Submission Type

Presentation

Submission Title

The Impact and Role of Emotion Regulation on Problem Gambling among Emerging Adults

Session Title

Session 3-1-E: Disordered Gambling Development and Impacts

Location

Caesars Palace, Las Vegas, Nevada

Start Date

30-5-2019 9:00 AM

End Date

30-5-2019 10:25 AM

Disciplines

Clinical Psychology

Abstract

Emotion regulation (ER) has been found to be a protective factor against a variety of different psychopathologies. To date, ER remains largely neglected in the study of gambling disorder. The following study (N = 441) explores the relationship between ER and problem gambling, as well as the mediating role gambling motivations play in the interaction between ER and problem gambling among 18 to 27-year-old gamblers (M = 19.57, SD = 2.17). After accounting for the effects of sensation seeking and impulsivity, the results revealed that in addition to sex, age, and gambling frequency, ER (B = .15) was significantly associated with elevated problem gambling. However, in a follow-up analysis, the direct effect of ER onto problem gambling was better explained by gambling motivations, specifically coping (i.e., gambling to relieve negative emotions; negative reinforcement) and enhancement (i.e., gambling to increase positive emotions; positive reinforcement). These findings suggest that ER accounts for problem gambling beyond reports of sensation seeking and impulsivity. Moreover, in addressing ER issues among treatment-seeking gamblers, clinicians should target intervention efforts toward the development of more adaptive coping skills to reduce the reliance on gambling or related sensation seeking behaviors.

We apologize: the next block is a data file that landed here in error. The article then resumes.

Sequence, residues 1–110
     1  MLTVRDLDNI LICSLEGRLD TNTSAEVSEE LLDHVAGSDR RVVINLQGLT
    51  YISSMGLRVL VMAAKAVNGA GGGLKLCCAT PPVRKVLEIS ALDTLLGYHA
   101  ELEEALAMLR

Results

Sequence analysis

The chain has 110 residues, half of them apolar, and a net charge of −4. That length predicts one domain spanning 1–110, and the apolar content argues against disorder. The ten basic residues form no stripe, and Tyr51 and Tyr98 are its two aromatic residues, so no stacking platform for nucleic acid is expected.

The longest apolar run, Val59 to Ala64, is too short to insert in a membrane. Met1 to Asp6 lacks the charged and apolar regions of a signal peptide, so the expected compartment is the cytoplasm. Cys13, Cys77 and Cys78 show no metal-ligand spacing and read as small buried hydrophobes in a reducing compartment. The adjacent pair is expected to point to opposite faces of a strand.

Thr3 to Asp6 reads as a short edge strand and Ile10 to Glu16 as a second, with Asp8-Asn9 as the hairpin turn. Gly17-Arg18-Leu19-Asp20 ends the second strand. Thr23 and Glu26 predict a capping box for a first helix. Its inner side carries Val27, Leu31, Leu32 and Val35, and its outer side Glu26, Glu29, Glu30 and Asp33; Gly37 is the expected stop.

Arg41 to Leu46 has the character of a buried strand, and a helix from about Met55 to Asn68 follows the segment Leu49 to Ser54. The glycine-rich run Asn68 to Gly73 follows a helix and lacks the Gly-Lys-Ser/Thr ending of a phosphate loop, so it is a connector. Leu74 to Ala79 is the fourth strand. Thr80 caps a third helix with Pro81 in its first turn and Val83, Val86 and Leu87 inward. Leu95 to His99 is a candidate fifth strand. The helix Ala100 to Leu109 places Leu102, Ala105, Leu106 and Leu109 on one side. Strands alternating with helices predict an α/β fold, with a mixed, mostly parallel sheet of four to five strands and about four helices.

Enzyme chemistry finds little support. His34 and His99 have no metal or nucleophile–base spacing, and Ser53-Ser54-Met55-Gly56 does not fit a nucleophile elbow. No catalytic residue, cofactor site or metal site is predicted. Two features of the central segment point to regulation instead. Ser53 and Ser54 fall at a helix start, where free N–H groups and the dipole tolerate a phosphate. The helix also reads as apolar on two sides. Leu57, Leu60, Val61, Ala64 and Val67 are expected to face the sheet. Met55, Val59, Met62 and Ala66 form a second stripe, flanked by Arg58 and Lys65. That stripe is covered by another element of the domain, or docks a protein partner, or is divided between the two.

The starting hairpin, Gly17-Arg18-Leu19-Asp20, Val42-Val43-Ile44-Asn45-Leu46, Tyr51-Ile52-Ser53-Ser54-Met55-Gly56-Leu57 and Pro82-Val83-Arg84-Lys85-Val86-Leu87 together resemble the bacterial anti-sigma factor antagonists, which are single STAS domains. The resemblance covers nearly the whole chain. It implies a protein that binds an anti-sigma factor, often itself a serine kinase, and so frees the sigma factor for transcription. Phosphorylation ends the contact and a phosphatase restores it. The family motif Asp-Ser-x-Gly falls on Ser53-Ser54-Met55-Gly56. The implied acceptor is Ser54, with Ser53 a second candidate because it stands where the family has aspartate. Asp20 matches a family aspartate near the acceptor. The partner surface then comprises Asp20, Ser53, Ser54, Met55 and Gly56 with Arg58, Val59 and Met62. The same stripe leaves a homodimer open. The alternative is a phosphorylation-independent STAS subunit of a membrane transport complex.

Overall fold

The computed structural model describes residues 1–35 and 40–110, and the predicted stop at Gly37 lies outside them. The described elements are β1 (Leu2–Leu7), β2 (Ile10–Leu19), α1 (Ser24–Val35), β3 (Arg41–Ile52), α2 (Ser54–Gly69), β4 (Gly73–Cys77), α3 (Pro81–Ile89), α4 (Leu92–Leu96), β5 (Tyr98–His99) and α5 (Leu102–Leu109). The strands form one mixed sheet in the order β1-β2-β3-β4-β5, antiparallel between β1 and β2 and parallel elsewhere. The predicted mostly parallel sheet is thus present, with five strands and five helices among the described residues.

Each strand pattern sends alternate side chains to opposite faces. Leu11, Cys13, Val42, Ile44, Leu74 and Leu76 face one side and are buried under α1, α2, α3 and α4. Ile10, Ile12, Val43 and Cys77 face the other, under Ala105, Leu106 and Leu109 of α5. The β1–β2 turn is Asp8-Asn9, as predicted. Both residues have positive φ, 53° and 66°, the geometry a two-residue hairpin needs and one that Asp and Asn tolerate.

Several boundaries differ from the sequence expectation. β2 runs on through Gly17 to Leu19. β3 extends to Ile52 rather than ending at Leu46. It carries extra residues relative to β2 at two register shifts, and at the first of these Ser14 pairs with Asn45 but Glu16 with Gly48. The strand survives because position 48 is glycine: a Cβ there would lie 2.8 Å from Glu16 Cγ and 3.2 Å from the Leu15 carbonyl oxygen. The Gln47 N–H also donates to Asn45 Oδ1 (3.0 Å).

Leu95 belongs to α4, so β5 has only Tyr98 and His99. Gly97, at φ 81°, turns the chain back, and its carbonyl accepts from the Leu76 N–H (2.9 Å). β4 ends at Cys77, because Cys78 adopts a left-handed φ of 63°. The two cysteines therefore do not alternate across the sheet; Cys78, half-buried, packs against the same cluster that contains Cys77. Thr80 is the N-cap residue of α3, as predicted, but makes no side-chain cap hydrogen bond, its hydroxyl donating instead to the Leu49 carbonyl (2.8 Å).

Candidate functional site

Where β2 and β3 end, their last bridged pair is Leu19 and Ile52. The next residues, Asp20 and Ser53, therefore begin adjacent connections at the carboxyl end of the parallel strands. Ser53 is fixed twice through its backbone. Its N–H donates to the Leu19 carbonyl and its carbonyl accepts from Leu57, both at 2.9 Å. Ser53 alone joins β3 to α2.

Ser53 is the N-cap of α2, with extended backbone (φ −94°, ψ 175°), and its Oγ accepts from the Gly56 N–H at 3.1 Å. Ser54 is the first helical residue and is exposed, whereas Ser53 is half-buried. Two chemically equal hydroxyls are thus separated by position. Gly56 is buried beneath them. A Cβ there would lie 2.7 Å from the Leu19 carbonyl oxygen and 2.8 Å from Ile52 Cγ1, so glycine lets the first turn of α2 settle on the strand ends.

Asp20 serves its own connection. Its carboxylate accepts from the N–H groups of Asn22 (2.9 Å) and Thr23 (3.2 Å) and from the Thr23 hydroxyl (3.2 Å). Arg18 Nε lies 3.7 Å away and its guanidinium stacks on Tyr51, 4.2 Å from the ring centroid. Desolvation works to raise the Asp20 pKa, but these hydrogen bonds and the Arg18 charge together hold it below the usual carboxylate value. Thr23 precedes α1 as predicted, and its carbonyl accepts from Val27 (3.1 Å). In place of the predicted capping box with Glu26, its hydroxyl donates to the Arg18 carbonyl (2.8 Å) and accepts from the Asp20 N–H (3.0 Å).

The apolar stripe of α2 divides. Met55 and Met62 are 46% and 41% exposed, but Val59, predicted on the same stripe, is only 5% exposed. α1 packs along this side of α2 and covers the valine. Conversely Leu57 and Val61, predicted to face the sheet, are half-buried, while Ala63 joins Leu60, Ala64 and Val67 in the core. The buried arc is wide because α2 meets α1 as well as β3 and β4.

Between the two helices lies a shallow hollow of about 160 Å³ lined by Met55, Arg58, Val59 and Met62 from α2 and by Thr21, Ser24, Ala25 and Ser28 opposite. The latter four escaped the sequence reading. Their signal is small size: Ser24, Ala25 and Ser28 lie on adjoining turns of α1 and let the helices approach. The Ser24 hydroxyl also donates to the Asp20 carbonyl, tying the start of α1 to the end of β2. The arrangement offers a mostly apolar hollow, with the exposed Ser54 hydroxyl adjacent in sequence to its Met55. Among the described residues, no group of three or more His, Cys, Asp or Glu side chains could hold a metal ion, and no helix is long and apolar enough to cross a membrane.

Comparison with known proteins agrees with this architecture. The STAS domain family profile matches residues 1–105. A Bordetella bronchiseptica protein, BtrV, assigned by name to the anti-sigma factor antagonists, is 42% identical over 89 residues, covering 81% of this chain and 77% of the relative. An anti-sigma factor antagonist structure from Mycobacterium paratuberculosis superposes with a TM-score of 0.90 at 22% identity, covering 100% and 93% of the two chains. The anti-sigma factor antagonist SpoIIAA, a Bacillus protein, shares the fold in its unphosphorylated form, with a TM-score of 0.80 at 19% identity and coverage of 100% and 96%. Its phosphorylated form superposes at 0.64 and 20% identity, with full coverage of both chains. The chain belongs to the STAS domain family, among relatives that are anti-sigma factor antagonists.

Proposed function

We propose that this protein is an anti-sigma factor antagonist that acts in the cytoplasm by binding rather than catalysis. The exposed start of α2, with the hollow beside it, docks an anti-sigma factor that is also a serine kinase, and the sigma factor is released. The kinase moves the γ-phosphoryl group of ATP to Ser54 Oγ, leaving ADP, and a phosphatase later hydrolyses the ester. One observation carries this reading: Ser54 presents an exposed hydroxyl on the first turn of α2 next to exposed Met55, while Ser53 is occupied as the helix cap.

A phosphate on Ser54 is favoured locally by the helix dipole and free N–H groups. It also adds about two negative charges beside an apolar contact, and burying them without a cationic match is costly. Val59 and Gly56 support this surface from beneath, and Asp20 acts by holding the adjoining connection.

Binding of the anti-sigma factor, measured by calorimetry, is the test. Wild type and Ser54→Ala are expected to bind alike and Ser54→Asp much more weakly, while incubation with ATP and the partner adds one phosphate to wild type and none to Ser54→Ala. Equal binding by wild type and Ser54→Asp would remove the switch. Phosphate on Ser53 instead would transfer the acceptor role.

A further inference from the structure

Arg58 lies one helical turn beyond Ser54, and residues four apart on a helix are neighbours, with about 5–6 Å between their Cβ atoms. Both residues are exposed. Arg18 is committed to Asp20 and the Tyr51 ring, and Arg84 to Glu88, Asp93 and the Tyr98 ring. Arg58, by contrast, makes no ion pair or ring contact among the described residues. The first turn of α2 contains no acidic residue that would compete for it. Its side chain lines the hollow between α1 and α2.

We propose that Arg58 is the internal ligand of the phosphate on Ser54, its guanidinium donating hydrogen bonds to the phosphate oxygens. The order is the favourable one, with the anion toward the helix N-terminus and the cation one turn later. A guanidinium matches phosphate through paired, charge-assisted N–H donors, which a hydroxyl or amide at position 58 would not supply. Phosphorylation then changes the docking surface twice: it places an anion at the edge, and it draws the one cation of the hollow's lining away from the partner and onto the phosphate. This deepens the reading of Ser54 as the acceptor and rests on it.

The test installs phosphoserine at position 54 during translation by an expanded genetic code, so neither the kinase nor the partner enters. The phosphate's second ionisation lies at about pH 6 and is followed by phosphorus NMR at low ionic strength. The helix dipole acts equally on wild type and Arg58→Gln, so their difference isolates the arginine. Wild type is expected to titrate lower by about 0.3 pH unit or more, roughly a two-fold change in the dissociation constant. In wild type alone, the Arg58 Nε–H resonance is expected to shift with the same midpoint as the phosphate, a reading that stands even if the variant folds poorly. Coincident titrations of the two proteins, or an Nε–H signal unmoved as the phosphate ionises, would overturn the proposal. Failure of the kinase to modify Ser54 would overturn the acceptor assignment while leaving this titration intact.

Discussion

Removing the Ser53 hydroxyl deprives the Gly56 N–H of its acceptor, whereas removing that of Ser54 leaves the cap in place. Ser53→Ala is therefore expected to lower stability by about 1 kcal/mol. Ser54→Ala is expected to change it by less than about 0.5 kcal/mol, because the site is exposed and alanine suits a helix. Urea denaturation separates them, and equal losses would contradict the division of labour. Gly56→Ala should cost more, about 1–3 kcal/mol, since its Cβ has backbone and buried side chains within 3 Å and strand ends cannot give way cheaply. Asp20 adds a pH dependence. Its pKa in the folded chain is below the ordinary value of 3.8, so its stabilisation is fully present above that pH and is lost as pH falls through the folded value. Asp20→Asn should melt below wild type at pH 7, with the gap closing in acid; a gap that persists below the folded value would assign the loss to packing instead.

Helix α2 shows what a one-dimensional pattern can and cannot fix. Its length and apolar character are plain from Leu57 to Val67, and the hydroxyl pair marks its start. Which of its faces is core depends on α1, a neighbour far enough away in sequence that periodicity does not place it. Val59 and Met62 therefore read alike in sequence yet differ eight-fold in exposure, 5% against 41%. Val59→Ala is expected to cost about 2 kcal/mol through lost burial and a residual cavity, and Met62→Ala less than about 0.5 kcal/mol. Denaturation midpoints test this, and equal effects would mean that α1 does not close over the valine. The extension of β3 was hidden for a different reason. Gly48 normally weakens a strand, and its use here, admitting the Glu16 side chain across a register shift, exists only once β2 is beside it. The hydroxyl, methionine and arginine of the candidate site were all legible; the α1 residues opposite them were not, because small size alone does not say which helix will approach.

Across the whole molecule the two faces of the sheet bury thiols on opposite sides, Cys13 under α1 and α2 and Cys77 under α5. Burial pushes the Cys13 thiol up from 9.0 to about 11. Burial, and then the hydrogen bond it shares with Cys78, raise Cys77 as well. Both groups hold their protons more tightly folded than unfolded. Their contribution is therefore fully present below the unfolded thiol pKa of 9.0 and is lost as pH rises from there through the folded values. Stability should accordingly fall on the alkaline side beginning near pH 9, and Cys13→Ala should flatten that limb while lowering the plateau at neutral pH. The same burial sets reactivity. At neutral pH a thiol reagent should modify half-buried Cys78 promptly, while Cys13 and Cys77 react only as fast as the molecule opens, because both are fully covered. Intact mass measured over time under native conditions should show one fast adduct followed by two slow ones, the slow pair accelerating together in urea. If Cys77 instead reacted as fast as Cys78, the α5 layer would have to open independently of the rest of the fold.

Implication of material:

Understanding this relationship would contribute to advancements in currently insufficient treatment and prevention options. For instance, focusing on enhancing ER skills among problem gamblers, and addressing motivations for gambling (e.g., gambling to cope with negative emotions) would mean addressing underlying mechanisms of psychopathology rather than symptoms (i.e., gambling addiction).

Keywords

problem gambling, emerging adulthood, emotion regulation, gambling motivations

Author Bio

Loredana Marchica: Loredana Marchica, M.A., is a PhD Candidate, under the supervision of Drs. Derevensky and Montreuil, in the School/Applied Child Psychology program at McGill University. Her research examines the role of emotion regulation and mindfulness in high-risk behaviors among youth and emerging adults. She is the recipient of the Heather Munroe-Blum Fellowship in Public Policy and the FQRSC Doctoral Research Grant on Responsible Gambling.

Devin Mills: Devin J. Mills, PhD is a postdoctoral research associate within the center for Gambling Studies at Rutgers University. His research explores the etiology of behavioral addictions from the perspective of socio-developmental theories.